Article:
“On Halloween night, the Great Pumpkin rises out of the pumpkin patch and flies through the air to bring toys to all the good little children. Wouldn’t you like to sit with me in the pumpkin patch on Halloween night and wait for the Great Pumpkin?” -Linus in The Great Pumpkin Charlie Brown.
This year my husband and I made a big deal of sitting down (well, attempting to) with our 16-month-old son to watch The Great Pumpkin Charlie Brown. Now that he’s old enough to start understanding more, this seems to be the year to start trying to get him into some holiday traditions. And what a better way to kick off the fall/Halloween season than with a longstanding classic?
As we were watching the movie, I couldn’t help but think about how many pumpkin patches our state has available to its residents and visitors. There’s too many to name, but my research from the United States Department of Agriculture did lead me to some interesting stats. Did you know in 2013, Michigan had 6,600 acres of land dedicated specifically to growing pumpkins? And in 2015, Michigan was one of the nation’s top six pumpkin producers, growing 77 million pounds of pumpkins?
Certainly Macomb County must be a huge contributor to that number. According to the 2012 US Agriculture census, that year, there were 502 operating farms here, covering nearly 62,000 acres. This means 20 percent of land in Macomb County is active agriculture.
George DeBruyn Jr., a local grower who owns Michigan Pumpkin Producers (76040 McFadden Road) in Armada Township, contributes to those numbers. He has been in the pumpkin business for the last 35 years. Last year, his 40 acres dedicated to pumpkin growing produced approximately 30,000 pounds of pumpkins. Many of the pumpkins are sold on a roadside farm stand he has on the corner of Romeo Plank and Armada Center roads, but they are also distributed elsewhere.
“We sell to a lot of places, other food stands in both Macomb County and in Oakland (County),” he said, adding his business raises many different types: large, carving, baby, pie pumpkins and, of course, gourds.
“It’s a passion,” said DeBruyn.
In Washington Township, Westview Orchards also boasts two impressive pumpkin patches totaling 50 acres.
“The actual patch where families come to pick their carving pumpkin is about 10 acres in size,” said Katrina Roy, co-owner of Westview. “We plant another 40 acres on rented ground nearby and also pie pumpkins for school children to pick on their fall field trips too. So, altogether, we grow almost 50 acres of all the varieties of pumpkins – carving ones, huge ones (really gourds), gourds of all different shapes and sizes, white pumpkin, green ones, warty ones, striped ones and peachy colored ones too! And, of course, four different kinds of squash as well.”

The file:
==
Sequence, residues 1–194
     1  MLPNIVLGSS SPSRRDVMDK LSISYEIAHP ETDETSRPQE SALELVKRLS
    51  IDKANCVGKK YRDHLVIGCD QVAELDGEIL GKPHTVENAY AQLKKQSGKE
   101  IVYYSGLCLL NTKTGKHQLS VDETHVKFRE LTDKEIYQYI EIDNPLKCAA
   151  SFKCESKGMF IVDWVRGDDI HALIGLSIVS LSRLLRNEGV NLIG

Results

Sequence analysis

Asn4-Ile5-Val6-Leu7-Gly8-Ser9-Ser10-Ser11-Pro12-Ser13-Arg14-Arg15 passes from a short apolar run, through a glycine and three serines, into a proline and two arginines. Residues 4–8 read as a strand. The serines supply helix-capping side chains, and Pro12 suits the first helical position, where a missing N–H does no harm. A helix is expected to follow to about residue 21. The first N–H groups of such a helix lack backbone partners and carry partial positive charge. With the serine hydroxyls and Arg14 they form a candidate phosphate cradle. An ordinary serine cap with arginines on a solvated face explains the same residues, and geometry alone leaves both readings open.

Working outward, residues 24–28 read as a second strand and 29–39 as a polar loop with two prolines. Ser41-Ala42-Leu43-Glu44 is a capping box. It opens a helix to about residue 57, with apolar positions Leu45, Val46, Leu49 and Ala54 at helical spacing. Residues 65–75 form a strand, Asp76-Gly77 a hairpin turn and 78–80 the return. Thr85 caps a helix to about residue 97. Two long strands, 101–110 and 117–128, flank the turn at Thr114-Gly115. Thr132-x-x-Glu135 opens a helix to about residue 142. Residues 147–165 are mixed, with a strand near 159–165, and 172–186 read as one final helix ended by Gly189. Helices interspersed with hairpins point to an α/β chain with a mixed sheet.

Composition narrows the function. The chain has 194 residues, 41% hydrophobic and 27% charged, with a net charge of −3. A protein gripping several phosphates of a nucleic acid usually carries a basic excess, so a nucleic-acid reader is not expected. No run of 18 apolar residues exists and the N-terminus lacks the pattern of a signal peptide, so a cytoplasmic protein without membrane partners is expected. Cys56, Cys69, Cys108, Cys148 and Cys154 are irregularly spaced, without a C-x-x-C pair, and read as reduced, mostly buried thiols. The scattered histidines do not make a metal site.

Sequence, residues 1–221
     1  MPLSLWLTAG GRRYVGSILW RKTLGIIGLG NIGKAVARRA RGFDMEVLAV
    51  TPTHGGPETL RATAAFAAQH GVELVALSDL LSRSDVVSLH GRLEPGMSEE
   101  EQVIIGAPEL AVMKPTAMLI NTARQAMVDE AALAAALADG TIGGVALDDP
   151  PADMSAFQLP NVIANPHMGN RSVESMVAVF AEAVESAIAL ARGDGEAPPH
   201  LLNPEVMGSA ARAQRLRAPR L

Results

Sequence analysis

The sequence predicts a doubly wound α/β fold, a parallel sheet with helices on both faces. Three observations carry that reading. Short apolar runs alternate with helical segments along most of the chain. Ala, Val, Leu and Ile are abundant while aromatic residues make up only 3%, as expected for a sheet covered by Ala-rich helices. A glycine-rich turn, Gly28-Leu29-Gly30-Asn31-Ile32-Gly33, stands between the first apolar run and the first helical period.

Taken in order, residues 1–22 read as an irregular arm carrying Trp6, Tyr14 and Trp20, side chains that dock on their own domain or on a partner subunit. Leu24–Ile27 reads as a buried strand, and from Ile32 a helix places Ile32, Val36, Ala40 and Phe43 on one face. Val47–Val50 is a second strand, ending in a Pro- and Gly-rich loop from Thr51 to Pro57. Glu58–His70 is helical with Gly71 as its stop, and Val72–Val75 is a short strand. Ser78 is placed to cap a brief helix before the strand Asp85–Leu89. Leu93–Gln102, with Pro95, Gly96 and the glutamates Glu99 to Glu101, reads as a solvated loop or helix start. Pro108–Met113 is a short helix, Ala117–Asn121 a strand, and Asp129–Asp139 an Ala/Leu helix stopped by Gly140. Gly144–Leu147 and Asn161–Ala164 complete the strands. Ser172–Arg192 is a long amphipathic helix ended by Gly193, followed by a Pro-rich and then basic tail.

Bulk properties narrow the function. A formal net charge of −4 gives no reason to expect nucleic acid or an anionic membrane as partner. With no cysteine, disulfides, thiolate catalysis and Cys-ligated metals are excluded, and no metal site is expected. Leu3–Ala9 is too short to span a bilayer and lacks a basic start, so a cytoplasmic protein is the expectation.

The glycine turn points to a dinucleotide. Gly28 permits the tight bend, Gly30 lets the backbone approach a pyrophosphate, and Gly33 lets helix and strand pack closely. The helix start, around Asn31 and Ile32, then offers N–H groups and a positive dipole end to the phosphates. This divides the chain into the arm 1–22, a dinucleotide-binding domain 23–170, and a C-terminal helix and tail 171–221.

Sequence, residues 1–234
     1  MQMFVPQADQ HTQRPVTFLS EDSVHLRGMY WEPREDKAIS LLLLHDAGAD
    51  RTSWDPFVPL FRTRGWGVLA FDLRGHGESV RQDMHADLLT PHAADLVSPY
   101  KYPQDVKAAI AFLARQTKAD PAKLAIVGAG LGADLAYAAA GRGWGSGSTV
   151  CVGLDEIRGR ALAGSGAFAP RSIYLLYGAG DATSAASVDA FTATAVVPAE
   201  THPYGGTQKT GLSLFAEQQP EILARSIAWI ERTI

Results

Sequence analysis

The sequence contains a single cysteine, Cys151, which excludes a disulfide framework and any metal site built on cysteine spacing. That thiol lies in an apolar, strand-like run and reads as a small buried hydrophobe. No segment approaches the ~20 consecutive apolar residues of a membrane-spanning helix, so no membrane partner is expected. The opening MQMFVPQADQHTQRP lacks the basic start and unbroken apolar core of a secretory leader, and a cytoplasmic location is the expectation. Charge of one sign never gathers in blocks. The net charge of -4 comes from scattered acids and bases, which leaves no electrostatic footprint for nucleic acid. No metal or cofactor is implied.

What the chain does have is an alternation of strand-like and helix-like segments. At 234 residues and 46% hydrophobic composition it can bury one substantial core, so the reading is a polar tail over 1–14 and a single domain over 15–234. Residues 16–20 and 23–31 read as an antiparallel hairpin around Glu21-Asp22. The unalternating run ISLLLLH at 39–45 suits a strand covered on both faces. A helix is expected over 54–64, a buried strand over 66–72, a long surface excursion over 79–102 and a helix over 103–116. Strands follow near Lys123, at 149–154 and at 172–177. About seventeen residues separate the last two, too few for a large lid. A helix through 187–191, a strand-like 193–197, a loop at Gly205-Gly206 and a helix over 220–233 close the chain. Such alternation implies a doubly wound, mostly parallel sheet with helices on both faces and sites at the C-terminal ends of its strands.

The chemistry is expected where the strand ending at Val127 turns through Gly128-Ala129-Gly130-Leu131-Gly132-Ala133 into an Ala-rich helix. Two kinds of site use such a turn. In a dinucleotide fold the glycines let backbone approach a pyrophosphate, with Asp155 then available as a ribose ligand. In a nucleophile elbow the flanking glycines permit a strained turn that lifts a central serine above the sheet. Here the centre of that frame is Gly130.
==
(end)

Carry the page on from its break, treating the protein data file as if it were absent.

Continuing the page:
Roy said the pumpkins are planted in late spring and start to harvest by the middle of September.
“By early October, we use our limb loppers to cut the stem of the pumpkin from the plant. This allows the stem to harden off, so it is sturdy when they are picked,” said Roy. “Then, we take our guests out there every day from 10 a.m. to 5 p.m. by tractor-driven wagon ride out to the patch. We have many wagons out there to carry their (guests) treasure back to the checkout point. Then they (the pumpkins) are weighed and customers pay according to the price per pound and weight of the pumpkin they picked.
During the week, Westview also offers free basic walking farm fun with u-pick apples or pumpkins.
Roy said ultimately, the pumpkin patches and all Westview has to offer visitors is for the children.
“The pumpkin patch and u-pick is all about the kids and their excitement for the holiday,” she said. “Kids come dressed in their costumes. They select a pumpkin that means something special to them. It’s about families sharing the hunt for that perfect pumpkin.”
And, sometimes, even for adults.
“We’ve even had marriage proposals in the pumpkin patch,” said Roy. “Last weekend we had a marriage proposal at our corn maze. And she said ‘yes.’ The farm is a place you can be creative, share memories, make lifelong memories with family and friends. All ages get in on the fun. All of us can take a little time to act like kids again and escape the stresses of everyday life. Let the farm rejuvenate family bonds and renew relationships.”
Sarah Cormier works for the Macomb County Executive Office as a communications specialist.